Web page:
One of this group says that last year she had a high rating, but this year it had dropped to satisfactory. Why? Evidently it was a matter of a failure to supply adequate paperwork now being added to the tasks of child minders as has already happened in schools. So it is not the child care which is being looked at, but the ability to tick boxes. The carer concerned said that it was unlikely she would be taking more children next year.
We can agree that the wellbeing and safety of children is paramount, and that the standard of that care is high. However the bureaucratic impositions that have done such damage in so many institutions can easily become counterproductive.
Four more British troops have died in Afghanistan (Afghanis not counted), including the first woman soldier. This comes days after five other bodies were flown back to the UK, Gordon Brown wined and dined George W. Bush on his farewell tour and Des Browne announced that more young people were being sent into harm’s way.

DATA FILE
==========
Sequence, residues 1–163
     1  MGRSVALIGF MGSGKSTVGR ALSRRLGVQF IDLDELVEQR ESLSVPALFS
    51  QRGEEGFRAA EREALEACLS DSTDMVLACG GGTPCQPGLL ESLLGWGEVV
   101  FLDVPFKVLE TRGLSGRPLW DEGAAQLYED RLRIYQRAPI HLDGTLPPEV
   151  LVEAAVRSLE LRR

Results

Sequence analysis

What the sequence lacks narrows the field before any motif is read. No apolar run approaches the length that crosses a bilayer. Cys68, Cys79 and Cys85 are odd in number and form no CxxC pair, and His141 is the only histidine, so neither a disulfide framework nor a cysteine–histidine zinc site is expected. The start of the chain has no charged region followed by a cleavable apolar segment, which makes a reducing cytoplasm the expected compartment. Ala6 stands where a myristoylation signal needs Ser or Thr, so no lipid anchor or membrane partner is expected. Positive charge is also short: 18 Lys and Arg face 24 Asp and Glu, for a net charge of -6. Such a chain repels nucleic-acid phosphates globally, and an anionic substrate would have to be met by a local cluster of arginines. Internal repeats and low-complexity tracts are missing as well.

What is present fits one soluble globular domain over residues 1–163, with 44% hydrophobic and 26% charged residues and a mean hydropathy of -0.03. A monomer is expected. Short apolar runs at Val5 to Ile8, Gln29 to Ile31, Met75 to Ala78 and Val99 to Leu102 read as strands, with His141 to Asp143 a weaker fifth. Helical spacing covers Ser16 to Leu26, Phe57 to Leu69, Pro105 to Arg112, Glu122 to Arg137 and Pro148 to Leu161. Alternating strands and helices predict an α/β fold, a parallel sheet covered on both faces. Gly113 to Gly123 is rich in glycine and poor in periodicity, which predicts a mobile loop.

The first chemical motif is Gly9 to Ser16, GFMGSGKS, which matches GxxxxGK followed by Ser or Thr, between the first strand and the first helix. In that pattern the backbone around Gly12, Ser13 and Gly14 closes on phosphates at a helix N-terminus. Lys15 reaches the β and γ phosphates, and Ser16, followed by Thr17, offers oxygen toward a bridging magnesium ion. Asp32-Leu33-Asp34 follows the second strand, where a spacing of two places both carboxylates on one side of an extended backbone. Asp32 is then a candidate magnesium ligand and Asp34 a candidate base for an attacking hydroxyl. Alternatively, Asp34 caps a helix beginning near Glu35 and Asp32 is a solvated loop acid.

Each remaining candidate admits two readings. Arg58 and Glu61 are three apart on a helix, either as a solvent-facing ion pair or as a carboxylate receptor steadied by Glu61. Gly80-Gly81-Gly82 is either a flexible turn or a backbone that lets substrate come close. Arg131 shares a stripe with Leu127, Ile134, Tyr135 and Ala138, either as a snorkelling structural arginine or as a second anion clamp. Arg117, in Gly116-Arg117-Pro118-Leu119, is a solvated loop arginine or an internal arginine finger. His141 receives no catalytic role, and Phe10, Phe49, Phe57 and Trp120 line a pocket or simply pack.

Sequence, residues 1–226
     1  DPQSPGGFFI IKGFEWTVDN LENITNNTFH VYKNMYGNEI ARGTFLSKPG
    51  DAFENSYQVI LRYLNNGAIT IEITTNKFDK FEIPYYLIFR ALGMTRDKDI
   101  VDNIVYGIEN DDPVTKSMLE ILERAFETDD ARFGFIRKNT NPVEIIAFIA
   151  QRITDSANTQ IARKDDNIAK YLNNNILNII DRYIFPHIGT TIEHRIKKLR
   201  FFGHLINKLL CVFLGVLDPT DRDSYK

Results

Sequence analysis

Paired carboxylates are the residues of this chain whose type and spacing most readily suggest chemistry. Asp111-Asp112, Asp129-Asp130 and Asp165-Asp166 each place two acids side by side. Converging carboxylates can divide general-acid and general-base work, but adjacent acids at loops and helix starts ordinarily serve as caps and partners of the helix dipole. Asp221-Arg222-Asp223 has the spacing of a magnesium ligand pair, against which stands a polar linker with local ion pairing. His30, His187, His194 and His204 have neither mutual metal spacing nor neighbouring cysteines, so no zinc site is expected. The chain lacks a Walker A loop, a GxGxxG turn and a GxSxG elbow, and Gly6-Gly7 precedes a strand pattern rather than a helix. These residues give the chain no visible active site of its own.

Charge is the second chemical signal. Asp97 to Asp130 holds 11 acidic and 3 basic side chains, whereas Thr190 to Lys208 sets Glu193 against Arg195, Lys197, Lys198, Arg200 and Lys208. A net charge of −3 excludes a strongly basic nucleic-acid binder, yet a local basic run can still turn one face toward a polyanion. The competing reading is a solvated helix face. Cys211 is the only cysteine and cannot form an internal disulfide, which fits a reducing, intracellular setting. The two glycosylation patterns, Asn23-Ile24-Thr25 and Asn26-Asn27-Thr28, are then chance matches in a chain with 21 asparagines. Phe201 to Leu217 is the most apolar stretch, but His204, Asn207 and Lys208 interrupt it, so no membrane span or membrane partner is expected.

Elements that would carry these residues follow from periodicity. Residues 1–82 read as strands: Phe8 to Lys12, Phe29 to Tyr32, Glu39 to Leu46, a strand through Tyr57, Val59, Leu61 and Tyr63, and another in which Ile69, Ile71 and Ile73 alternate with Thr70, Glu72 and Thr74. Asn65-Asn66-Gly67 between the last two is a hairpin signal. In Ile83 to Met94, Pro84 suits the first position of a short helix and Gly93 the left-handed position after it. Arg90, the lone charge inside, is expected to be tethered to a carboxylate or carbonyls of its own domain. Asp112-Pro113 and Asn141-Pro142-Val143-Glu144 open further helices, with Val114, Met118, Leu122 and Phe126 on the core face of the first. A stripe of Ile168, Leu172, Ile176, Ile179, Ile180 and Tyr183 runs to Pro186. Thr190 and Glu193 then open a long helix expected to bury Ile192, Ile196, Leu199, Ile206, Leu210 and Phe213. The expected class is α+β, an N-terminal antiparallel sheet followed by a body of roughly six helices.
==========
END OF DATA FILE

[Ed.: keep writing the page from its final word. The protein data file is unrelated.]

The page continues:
In a teaching article about Nile Valley Civilisations the discovery by Chicago University’s School of Oriental Studies of an incense burner with its pharaonic image we discuss its significance. We believe it revives powerfully the view that Egypt civilisation was essentially of African origin at the start. Clearly its success brought in many others to make it a vibrant multicultural society, but to continue to put across the idea that Africa intervened only as late as the 25th Dynasty, as the National Geographic Magazine did in their February edition, is very far wide of the mark.
Further discussion on this artefact.
The reverse of the incense burner.
Estelle Morris has had something to say on the government’s attempts to reform education. “Thrashing around” is how she describes it. There is this new initiative and that new initiative imposed on the system without bothering to see if it effective or not.
The criticism comes hard on the heels of a report on primary education asking whether it would have been better if New Labour hadn’t made changes at all. Many were coming through their education without being literate. Changes have been made, and are continuing to be made against the advice and concerns of the teaching profession and outcomes are showing clearly that they have been right all along. Unfortunately Lord Adonis sits Buddha like dispensing his higher wisdom and understanding unperturbed by the mere mortals who say “no Andrew, come down from your pedestal into the real world”.